Entrepreneur Amanda Peyton has always been “the friend that’s good with money,” whether as the treasurer of her high school at age or today as the founder of Braid, a company that wants to make shared wallets more mainstream among consumers.

“People are terrified by money, so I need to lean into it so it will never become scary for me,” she told TechCrunch. “That’s when I had this lightbulb moment: All financial products are either built for individuals or businesses, and so all social money interactions that we have are built around individual accounts.” The resulting separation can amplify stress around money, especially when one person has to become the CFO of a household, family, or friend group.

Founded in , group-financing platform Braid is trying to make transactions work for various entities, from shared households to side hustles to creative projects. It recently launched a new twist on consumer payment links: People can set up a Braid Pool around any effort — a fund for this summer’s Italy trip, shared car gasoline expenses, or a kitty to put toward monthly book club snacks — and then send a link to friends who want to put cash in. The money then goes directly into the wallet and the creator can either manage it solo or together with participants.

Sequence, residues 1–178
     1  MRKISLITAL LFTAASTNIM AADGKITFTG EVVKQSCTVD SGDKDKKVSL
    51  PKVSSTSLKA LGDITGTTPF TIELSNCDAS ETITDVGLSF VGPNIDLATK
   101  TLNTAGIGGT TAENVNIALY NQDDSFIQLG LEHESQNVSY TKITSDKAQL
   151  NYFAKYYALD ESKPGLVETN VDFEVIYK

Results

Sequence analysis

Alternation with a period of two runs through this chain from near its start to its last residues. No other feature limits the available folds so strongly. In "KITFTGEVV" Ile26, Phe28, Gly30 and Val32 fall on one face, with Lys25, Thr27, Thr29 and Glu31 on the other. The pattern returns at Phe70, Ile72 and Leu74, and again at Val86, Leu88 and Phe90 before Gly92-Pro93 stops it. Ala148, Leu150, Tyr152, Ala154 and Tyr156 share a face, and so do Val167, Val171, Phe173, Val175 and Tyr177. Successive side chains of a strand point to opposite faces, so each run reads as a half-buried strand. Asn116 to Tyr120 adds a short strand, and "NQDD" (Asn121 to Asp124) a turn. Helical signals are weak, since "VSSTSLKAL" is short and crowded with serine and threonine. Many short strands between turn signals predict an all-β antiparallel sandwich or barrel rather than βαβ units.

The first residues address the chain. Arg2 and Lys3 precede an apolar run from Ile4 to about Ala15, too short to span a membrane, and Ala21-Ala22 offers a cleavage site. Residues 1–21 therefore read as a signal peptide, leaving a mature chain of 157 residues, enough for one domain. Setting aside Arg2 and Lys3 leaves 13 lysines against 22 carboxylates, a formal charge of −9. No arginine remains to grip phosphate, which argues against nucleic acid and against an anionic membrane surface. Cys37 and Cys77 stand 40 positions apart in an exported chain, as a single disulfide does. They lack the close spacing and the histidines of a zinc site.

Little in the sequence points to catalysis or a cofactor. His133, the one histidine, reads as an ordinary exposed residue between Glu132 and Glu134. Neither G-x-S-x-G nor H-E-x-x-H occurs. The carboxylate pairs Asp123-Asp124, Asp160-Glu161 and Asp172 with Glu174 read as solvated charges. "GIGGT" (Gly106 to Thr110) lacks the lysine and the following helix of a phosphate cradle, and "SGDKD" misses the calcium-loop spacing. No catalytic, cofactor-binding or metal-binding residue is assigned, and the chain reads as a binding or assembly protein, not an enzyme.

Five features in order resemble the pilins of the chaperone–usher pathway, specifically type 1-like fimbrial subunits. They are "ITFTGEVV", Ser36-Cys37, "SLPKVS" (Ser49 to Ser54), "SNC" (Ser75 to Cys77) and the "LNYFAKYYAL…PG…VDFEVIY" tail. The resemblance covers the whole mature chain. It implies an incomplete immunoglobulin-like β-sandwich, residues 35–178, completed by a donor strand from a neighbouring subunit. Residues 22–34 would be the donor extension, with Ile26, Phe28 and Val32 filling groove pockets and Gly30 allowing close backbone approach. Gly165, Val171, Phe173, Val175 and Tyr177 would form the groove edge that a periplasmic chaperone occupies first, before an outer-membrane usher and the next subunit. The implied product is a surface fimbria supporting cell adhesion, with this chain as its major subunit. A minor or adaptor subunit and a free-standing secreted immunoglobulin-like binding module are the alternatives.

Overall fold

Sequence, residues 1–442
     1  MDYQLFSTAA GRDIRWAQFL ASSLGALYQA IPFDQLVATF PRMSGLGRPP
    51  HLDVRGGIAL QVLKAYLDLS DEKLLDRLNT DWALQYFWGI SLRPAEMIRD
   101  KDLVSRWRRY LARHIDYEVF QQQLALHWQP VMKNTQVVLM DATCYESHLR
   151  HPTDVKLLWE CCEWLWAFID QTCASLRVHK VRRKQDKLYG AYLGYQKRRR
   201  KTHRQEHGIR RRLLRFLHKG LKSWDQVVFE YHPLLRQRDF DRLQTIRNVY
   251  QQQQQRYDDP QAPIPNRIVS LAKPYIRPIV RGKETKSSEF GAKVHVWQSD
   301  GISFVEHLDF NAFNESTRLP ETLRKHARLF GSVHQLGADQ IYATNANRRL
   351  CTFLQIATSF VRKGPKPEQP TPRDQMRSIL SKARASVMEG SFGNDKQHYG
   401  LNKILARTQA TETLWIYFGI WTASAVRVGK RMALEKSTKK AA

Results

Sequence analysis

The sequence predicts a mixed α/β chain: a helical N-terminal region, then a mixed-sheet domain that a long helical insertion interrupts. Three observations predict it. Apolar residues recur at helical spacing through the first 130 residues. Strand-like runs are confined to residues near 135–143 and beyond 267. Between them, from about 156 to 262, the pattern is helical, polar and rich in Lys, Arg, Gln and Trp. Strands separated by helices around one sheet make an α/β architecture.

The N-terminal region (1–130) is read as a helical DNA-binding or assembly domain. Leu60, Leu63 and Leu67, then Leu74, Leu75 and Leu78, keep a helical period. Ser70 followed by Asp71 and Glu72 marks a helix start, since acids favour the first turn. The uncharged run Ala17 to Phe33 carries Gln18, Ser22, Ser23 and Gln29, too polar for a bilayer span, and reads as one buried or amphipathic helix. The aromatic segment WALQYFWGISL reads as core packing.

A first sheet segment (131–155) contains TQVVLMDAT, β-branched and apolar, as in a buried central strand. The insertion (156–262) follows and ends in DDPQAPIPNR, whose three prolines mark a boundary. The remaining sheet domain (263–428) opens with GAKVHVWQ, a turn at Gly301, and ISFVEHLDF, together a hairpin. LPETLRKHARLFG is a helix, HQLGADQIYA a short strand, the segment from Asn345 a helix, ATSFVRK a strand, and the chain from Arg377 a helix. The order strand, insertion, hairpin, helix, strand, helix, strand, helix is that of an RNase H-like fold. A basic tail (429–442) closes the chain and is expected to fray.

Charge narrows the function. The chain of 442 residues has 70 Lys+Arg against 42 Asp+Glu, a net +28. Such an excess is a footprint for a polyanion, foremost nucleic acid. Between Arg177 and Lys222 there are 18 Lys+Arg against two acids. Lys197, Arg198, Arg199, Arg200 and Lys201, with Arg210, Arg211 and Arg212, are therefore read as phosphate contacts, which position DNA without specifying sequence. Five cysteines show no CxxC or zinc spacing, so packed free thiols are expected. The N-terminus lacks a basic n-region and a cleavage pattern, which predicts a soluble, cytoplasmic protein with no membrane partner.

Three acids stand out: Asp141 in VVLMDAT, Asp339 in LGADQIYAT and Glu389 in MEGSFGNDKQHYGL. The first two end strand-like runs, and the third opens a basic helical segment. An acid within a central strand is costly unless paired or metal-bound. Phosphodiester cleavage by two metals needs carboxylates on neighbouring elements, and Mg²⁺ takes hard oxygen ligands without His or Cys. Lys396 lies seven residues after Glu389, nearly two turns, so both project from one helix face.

“The guiding question for us has always been, ‘How do we make sharing money not suck?’” Peyton said.

Despite the rise of services like Cash App, Venmo, Zelle, and Splitwise, as well as smaller multiplayer fintechs like Zeta, Braid doesn’t think shared wallets exist in a mainstream way yet. It is built specifically to help groups of people pay for the next thing they do together, not split the money after a meal or gather money for a present that one person is going to go out and buy.